The new German Foreign Minister has pledged to pursue the removal of the last of US nuclear weapons on German soil. It’s a move that will either signal the beginning of the end of nuclear weapons in Europe or the beginning of a new political quarrel within NATO.

It seems anachronistic in the extreme, not to mention silly, for NATO to get caught up in a serious quarrel over a few hundred, at the most, US nuclear gravity bombs still kept on European soil. But it could happen, as it did at the end of the 1990s – all in the name of trans-Atlantic NATO solidarity. The New York Times today quotes an un-named NATO diplomat as insisting that US nuclear weapons in Europe “are the foundation of [NATO] solidarity. Take them away and what have we left?”[i]

Just because Guido Westerwelle’s pledge is sensible and long overdue doesn’t mean it will be easy to fulfill. And whatever resistance it meets will not come from Washington. A big part of the resistance will rely on the slightly absurd, to be kind about it, solidarity argument[ii] – the idea that, despite massive Europe-North America trade links, myriad cultural and historical ties, as well as broadly shared political values, it is still only the few hundred Cold War nuclear relics that can successfully bridge the Atlantic. Another claim will be that the removal of nuclear weapons from Europe should not be done unilaterally but should be coordinated with substantial reductions in Russian tactical nuclear weapons – as if 200 less warheads in Europe will suddenly reverse the Russian strategic calculus.

Nuclear weapons in Europe are still obviously championed in some influential circles, but a more likely scenario is that this German move to remove US nuclear weapons from its territory will indeed be the beginning of the end of nuclear weapons in Europe (outside of France and the UK).

Mr. Westerwelle, the leader of the German Free Democrats and Foreign Minister in the new German coalition led by the continuing Chancellor Angela Merkel, has long been an advocate of disarmament, and in this move he has the support of four of the six parties with members in the Bundestag.[iii]

There are similar pressures in the Dutch Parliament[iv] and the Belgian Senate is about to consider a proposal to ban nuclear weapons within its territory.[v] NATO strategic doctrine is now under review and, given that the alliance leader is now firmly and publicly committed to entering a path that leads to zero nuclear weapons, it should be expect, or demanded, that a new NATO Strategic Concept will no longer describe nuclear weapons as essential to its security or essential to transatlantic solidarity. And a NATO doctrine modified in that way will pave the way to the removal of nuclear weapons from the five non-nuclear weapon states that still host them (Belgium, Germany, Italy, Netherlands, and Turkey).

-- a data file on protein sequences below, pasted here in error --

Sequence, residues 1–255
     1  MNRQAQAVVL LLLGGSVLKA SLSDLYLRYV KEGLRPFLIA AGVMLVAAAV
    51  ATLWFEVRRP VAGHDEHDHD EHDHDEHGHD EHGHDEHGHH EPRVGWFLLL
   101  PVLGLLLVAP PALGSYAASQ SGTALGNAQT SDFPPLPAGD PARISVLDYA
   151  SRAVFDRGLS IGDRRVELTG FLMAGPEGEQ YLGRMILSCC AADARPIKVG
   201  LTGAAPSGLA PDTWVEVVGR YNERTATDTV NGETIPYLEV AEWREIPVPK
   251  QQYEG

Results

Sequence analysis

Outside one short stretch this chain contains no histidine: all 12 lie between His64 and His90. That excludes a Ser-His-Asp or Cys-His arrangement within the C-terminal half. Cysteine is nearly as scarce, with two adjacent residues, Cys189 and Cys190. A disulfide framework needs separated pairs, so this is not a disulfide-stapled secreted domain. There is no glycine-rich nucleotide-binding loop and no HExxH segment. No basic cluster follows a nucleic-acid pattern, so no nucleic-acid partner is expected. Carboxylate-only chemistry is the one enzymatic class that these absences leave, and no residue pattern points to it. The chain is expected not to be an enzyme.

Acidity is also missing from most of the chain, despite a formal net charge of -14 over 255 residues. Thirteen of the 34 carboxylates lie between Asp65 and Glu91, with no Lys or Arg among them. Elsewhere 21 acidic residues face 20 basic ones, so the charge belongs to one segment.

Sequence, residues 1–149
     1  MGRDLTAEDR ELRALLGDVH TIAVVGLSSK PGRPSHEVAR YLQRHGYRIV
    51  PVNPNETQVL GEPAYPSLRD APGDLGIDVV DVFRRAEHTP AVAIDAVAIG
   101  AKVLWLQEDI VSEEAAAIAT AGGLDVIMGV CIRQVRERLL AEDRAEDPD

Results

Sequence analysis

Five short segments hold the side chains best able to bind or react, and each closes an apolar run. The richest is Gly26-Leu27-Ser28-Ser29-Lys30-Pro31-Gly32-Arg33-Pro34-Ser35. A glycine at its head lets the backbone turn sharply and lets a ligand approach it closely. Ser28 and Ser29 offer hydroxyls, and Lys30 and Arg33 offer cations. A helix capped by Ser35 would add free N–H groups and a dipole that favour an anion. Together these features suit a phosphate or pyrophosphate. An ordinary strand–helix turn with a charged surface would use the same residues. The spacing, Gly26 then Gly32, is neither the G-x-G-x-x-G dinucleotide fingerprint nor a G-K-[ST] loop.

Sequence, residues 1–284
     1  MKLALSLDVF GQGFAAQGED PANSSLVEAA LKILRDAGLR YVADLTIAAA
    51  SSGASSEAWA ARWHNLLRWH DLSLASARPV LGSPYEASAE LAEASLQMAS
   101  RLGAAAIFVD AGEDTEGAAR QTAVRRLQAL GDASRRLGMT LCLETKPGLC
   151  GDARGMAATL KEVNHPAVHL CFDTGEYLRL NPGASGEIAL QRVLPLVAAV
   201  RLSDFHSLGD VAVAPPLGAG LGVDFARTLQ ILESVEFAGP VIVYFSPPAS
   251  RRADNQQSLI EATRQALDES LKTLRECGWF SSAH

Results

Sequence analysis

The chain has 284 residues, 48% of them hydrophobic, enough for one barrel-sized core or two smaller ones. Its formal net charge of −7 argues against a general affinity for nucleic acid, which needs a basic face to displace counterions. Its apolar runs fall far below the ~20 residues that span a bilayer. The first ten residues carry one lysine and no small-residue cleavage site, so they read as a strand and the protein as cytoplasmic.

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[i] Judy Dempsey, “Ridding German of US Nuclear Weapons,” New York Times, 29 October 2009.

[ii] The current NATO Strategic Concept insists in paragraph 63 that “nuclear forces based in Europe and committed to NATO provide an essential political and military link between the European and the North American members of the Alliance. The Alliance will therefore maintain adequate nuclear forces in Europe.” [NATO. 1999. The Alliance's Strategic Concept, Approved by the Heads of State and Government participating in the meeting of the North Atlantic Council in Washington D.C. on 23rd and 24th April 1999.]

[iii] “Germany opts for a farewell to NATO nuclear weapons,” Russia Today, 28 October 2009.

[iv] With the SP, for example, arguing for a non-nuclear NATO strategy. “Nuclear Disarmament: Steps must be taken which inspire confidence,” 27 October 2009.

[v] “Belgian Senate to Consider Nuclear-Weapon Ban,” Global Security Newswire, 16 October 2009.

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